See Formenti, 2008.
productive structures functional to the new forms of’ capitalist accumulation (as discussed in the first part of Formenti’s book) (p.104). Thus, for Formenti, post-operaismo’s ‘blind faith’ in the ‘multitude’s capacity to invent ever new forms of democratic self-organisation’ determines its convergence with the ‘utopian enthusiasms of the Web 2.0 gurus’ (p.104).
Against these visions of a post-capitalist present, Formenti is motivated by the prospect of ‘“parenthesising” the thought of Michel Foucault’ (whose analysis he deems helpful ‘to understand how the hegemony of dominant classes is constructed’, but devoid ‘of any antagonistic value’ for its conception of resistance as a ‘constitutive element of the power apparatus’) and proposes to draw instead from the toolbox of a ‘straightened McLuhan’ (Formenti, 2011, p.147) (i.e. purged of ‘undue extension to digital media of his ethical point of view concerning the emancipatory potential of electrical media’, p.148) as complement to a rediscovery of Marxian concepts (p.147). Yet, whether (and to what extent) Marx’s thought and Marxism are in need of, and amenable to, such integration is something on which Formenti remains silent. This is in itself problematic, since, for example, neo-McLuhanite commentators such as Keen (2007) and Lanier (2010) display evidently scathing (though equally ill-informed) opinions about Marxism. On the other hand, Lucas (2012) emphasises, from a Marxist perspective, the limits of the McLuhanite analysis of Carr (2008, 2010). Further, Guy Debord, a Marxist critic of the mass media and their role in the capitalism of the 1960s (which he understood as the ‘society of spectacle’, see Debord, 1996 ), emphatically defined McLuhan ‘the spectacle’s first apologist’ (Debord, 2002 , p.33). Nonetheless, Formenti (2011) aims to reaffirm the enduring significance of Marxian categories as valid tools to understand contemporary capitalism and its dynamics (pp.107-119).144 Indeed, for Formenti, although the ‘neoliberal theorists’ of networked capitalism and the digital revolution implicitly refer to the concept of mode of production, their use of the notion displays reductive technological determinism; on the other hand, the persistence of the commodity form and private appropriation of value (or, in other words, of ‘social relations of exploitation’) determine the persistence of the capitalist mode of production itself (p.108). This, for Formenti, has significant implications. Firstly, the distinction between productive and unproductive labour maintains an undiminished relevance:145 indeed, for Formenti, the greater cooperative nature of the productive process, now intensified by the internet, ‘extends the Similarly, see Formenti, 2012.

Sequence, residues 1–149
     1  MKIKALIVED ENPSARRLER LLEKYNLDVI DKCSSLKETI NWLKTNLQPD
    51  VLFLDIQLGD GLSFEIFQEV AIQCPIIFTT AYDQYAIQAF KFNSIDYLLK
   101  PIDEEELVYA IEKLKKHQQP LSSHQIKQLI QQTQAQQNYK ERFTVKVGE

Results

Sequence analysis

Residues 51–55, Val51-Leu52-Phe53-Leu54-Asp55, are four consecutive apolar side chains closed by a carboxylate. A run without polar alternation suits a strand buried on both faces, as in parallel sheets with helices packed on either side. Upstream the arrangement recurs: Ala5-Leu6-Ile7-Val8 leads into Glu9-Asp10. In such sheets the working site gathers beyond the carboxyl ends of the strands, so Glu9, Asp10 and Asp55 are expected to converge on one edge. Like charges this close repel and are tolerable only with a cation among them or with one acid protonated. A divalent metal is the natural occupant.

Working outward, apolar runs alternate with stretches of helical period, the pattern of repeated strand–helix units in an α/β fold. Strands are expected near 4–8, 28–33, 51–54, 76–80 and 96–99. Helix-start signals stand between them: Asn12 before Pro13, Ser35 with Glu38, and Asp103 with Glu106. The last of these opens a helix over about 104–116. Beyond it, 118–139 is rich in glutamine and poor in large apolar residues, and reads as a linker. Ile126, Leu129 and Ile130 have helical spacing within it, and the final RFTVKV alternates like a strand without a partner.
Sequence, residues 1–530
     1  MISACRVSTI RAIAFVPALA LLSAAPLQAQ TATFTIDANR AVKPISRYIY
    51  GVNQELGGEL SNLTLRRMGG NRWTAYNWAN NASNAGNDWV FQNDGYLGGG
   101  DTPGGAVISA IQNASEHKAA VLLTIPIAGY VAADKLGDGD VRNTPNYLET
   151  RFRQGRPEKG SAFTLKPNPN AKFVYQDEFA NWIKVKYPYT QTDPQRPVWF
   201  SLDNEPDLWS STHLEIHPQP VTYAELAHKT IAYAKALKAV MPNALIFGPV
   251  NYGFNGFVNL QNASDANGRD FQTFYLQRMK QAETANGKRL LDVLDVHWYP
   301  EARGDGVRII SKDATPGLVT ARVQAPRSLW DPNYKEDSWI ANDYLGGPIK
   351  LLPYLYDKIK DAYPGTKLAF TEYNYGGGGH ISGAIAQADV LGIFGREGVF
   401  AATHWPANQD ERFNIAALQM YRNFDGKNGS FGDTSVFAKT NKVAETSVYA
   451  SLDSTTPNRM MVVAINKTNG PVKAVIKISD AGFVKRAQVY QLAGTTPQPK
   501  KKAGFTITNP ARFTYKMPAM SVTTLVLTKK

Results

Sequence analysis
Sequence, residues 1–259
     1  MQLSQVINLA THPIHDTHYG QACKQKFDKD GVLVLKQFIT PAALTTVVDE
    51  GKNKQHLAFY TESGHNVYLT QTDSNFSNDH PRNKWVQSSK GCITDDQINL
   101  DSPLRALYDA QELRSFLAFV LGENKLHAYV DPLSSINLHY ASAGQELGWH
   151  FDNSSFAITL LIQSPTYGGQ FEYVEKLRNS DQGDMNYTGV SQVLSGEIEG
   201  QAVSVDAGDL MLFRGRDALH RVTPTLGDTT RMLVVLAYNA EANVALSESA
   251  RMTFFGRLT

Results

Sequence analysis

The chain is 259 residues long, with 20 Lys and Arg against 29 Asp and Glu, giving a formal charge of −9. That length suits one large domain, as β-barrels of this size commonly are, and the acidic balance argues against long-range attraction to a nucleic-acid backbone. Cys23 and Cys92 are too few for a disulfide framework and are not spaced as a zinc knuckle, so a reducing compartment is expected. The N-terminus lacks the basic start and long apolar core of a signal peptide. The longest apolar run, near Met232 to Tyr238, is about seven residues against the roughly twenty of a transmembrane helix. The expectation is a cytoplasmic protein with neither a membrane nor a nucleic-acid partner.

For Formenti, the ‘theories of the post-industrial’ could declare this distinction obsolete on the grounds of orthodox Marxism’s exclusive identification of ‘productive labour’ with ‘industrial production of material goods’, and the consequent conception of services and of the labour employed within them as unproductive. However, as Formenti recalls, while this choice was motivated by ethical and political (as opposed to scientific) reasons, finding reflection in the rhetoric and politics of trade unions and leftwing parties, nothing in Marx’s works justifies this interpretation (Formenti, 2011, p.109).